From a point of view of managing anxiety and other challenges, you don’t need a diagnosis to help with these. Most of my life I didn’t have a diagnosis, and as I mention throughout my autobiography ‘Look Into My Eyes’ I taught myself skills. As an 8 year old I started meditating which helped me to learn to manage my attention, it helped me to be able to focus on one thing and shut everything else out, so I started learning to manage sensory overload and anxiety. Then as a teenager I started learning hypnosis which taught me non-verbal behaviour, so I was able to start recognising when people were happy, sad, anxious, angry, when they liked me or disliked me, when people were interested in what I had to say, or not interested in what I had to say. I still don’t get this all right, but I do significantly better than I ever did. Then in my early twenties I started learning counselling skills and communication skills in relation to dealing with challenging behaviour of children and teens and in relation to teaching parenting courses. This counselling training taught me about using ‘I messages’, it taught me about social communication, how to listen, how to appear interested in what others say, how to ask questions to get people to talk about themselves, etc.
      So, before having any diagnosis I had learned so much which helped me manage anxiety and anger and in social situations. For most of that time I think a diagnosis would have been helpful, with things like getting support around education and around work, but it wasn’t until a few years ago where I felt I had to go for an assessment. Prior to that I muddled through and found my own solutions.
      So with or without a diagnosis your son can learn to reduce anxiety and manage anxiety and other challenges. He can learn things like meditation, communication skills, relaxation, mental rehearsal, etc. He doesn’t need a diagnosis to do these things, he just needs to want to do these things. If he decides not to put in the effort to learn these things or whatever it is that would work for him, that is his decision. What is helpful is supporting him in identifying skills he needs and how to develop those skills.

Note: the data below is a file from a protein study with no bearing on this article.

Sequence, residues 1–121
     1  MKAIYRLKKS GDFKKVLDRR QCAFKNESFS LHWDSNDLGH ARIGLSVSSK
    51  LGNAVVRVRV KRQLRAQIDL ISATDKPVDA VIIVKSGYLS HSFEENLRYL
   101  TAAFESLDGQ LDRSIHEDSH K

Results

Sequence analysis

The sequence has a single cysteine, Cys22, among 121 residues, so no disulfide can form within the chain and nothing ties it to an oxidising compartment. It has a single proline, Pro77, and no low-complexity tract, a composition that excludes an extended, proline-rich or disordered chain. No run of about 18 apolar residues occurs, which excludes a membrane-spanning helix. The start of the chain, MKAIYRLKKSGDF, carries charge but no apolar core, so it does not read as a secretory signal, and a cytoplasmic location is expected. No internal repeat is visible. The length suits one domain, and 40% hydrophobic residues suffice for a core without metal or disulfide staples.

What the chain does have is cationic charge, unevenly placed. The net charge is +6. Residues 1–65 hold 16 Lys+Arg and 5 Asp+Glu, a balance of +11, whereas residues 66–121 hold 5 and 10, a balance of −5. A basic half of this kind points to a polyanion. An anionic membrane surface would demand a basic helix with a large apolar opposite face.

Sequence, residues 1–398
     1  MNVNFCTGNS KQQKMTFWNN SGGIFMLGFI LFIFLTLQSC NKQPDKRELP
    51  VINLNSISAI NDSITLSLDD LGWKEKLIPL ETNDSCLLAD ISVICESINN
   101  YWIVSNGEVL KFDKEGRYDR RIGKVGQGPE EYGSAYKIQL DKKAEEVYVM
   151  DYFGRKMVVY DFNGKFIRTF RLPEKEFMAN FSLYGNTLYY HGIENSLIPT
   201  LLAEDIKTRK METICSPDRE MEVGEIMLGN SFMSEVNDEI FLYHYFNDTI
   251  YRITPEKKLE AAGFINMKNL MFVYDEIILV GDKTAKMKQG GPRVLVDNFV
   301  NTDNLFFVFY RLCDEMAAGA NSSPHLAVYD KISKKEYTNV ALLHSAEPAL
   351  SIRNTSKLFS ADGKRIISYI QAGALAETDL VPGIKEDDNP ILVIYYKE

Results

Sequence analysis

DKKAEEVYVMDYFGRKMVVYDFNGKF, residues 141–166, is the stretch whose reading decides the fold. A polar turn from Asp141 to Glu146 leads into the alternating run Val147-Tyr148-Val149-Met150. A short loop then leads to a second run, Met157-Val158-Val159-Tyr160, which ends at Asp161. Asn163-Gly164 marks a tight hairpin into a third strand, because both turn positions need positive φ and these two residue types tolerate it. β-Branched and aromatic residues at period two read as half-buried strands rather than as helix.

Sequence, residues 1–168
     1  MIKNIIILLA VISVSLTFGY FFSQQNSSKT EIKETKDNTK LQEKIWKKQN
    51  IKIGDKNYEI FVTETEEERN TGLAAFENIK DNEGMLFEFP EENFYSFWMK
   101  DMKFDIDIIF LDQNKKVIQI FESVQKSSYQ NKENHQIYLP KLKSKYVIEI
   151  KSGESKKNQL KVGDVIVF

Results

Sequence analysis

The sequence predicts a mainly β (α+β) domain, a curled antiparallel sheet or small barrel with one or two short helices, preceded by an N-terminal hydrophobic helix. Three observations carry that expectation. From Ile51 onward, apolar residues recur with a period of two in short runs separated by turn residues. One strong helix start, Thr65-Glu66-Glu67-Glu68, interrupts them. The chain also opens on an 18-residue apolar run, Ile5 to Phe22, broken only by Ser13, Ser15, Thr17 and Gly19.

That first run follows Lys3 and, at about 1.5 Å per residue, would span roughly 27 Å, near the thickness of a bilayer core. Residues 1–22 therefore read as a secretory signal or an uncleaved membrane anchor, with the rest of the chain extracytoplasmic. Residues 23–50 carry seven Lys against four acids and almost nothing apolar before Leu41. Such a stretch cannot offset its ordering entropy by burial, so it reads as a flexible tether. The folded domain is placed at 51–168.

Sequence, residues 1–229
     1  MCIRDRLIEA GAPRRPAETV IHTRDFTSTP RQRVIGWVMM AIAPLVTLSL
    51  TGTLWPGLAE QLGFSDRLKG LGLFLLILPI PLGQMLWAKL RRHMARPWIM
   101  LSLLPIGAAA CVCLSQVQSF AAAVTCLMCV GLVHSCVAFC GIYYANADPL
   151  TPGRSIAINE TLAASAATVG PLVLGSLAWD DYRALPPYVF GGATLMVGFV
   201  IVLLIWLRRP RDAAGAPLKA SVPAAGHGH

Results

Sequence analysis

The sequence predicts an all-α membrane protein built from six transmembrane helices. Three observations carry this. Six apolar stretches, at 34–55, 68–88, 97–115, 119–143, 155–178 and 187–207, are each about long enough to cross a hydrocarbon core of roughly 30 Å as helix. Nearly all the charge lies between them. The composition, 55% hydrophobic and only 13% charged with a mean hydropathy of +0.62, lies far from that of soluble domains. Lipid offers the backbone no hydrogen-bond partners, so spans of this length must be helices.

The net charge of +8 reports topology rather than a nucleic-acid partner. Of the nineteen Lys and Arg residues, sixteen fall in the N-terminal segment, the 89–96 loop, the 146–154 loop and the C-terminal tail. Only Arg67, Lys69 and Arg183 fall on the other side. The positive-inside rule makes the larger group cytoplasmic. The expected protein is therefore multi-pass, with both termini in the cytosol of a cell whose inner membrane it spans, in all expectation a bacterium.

My way of working with people which largely avoids resistance is to come alongside them and always start from a place of agreement and work forward together, rather than be the one who creates the resistance by putting up a barrier or challenge etc… I call it a collaborative communication approach. I try to start each disagreement/challenge etc, with ‘yes, and…’ or some other form of agreeing, and then figure out how to move forward from there. I always accept that someone’s reality is 100% real to them and so I want to respect this and work with this rather than try to convince someone that my reality and perspective is the right one.

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  2. Excellent! You couldn’t of wrote that better…
    My son is under assessment for Autism, myself being Autistic trained I’ve noticed for a long time. I like how you explain not everyone is the same and how they can teach themselves to cope when they aren’t really.

    Liked by 1 person

    • Thank you. One of my biggest personal frustrations has been appearing one way and so when you then tell people that actually you are struggling inside they don’t believe you, or that you do. I have a friend who tells me I’m lying about finding situations make me anxious, or that I see things a certain way, because he says, he saw no sign of this, I came across as confident, or calm, etc. He doesn’t accept that I will have been focusing on my breathing and focusing on holding my focus etc, to appear how I need to in that situation, and that afterwards this took so much out of me that I need to take time for myself etc.

      Whereas my wife will see all of this, not just the image.